To the annoyance of some shareholders, nVent Electric (NYSE:NVT) shares are down a considerable 51% in the last month. Indeed the recent decline has arguably caused some bitterness for shareholders who have held through the 47% drop over twelve months.
All else being equal, a share price drop should make a stock more attractive to potential investors. While the market sentiment towards a stock is very changeable, in the long run, the share price will tend to move in the same direction as earnings per share. So, on certain occasions, long term focussed investors try to take advantage of pessimistic expectations to buy shares at a better price. One way to gauge market expectations of a stock is to look at its Price to Earnings Ratio (PE Ratio). A high P/E ratio means that investors have a high expectation about future growth, while a low P/E ratio means they have low expectations about future growth.
How Does nVent Electric's P/E Ratio Compare To Its Peers?
nVent Electric's P/E of 10.63 indicates relatively low sentiment towards the stock. The image below shows that nVent Electric has a lower P/E than the average (13.6) P/E for companies in the electrical industry.
nVent Electric's P/E tells us that market participants think it will not fare as well as its peers in the same industry. Many investors like to buy stocks when the market is pessimistic about their prospects. It is arguably worth checking if insiders are buying shares, because that might imply they believe the stock is undervalued.
How Growth Rates Impact P/E Ratios
Companies that shrink earnings per share quickly will rapidly decrease the 'E' in the equation. Therefore, even if you pay a low multiple of earnings now, that multiple will become higher in the future. So while a stock may look cheap based on past earnings, it could be expensive based on future earnings.
nVent Electric's earnings per share were pretty steady over the last year. And EPS is down 3.6% a year, over the last 3 years. So we might expect a relatively low P/E.
Don't Forget: The P/E Does Not Account For Debt or Bank Deposits
One drawback of using a P/E ratio is that it considers market capitalization, but not the balance sheet. So it won't reflect the advantage of cash, or disadvantage of debt. Hypothetically, a company could reduce its future P/E ratio by spending its cash (or taking on debt) to achieve higher earnings.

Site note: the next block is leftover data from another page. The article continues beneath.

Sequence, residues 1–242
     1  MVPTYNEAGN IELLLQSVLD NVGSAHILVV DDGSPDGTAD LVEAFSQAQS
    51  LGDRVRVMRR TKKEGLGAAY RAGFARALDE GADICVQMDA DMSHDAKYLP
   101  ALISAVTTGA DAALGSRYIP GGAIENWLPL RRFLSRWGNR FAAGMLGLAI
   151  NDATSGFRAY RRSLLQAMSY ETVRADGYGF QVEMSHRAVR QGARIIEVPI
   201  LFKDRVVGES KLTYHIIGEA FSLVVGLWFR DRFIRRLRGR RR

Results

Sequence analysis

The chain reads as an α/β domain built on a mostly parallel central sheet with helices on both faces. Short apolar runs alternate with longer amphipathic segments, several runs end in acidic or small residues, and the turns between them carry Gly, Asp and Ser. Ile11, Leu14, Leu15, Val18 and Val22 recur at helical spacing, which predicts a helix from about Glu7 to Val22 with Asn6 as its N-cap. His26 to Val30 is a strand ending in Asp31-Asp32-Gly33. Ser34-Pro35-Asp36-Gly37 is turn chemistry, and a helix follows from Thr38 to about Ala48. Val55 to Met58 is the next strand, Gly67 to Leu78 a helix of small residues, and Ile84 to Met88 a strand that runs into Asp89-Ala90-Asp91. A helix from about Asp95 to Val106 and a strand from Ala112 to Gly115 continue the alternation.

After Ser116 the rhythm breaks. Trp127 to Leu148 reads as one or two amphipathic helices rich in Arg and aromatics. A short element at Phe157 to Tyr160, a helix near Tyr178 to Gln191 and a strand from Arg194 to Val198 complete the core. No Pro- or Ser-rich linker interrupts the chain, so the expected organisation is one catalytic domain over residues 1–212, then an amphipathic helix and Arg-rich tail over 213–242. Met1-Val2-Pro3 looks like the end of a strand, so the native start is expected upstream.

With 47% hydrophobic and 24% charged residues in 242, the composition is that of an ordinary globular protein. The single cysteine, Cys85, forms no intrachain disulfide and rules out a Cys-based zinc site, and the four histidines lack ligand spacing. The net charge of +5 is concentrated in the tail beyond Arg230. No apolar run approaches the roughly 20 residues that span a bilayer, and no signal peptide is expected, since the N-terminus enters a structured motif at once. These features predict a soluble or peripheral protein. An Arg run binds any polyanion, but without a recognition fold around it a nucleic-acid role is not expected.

While growth expenditure doesn't always pay off, the point is that it is a good option to have; but one that the P/E ratio ignores.
nVent Electric's Balance Sheet
Net debt is 40% of nVent Electric's market cap. While that's enough to warrant consideration, it doesn't really concern us.
The Bottom Line On nVent Electric's P/E Ratio
nVent Electric's P/E is 10.6 which is below average (11.5) in the US market. EPS grew over the last twelve months, and debt levels are quite reasonable. The P/E ratio implies the market is cautious about longer term prospects. Given nVent Electric's P/E ratio has declined from 21.9 to 10.6 in the last month, we know for sure that the market is significantly less confident about the business today, than it was back then. For those who don't like to trade against momentum, that could be a warning sign, but a contrarian investor might want to take a closer look.
Investors should be looking to buy stocks that the market is wrong about. If the reality for a company is not as bad as the P/E ratio indicates, then the share price should increase as the market realizes this. So this free visualization of the analyst consensus on future earnings could help you make the right decision about whether to buy, sell, or hold.
You might be able to find a better buy than nVent Electric. If you want a selection of possible winners, check out this free list of interesting companies that trade on a P/E below 20 (but have proven they can grow earnings).
If you spot an error that warrants correction, please contact the editor at email@example.com. This article by Simply Wall St is general in nature. It does not constitute a recommendation to buy or sell any stock, and does not take account of your objectives, or your financial situation. Simply Wall St has no position in the stocks mentioned.
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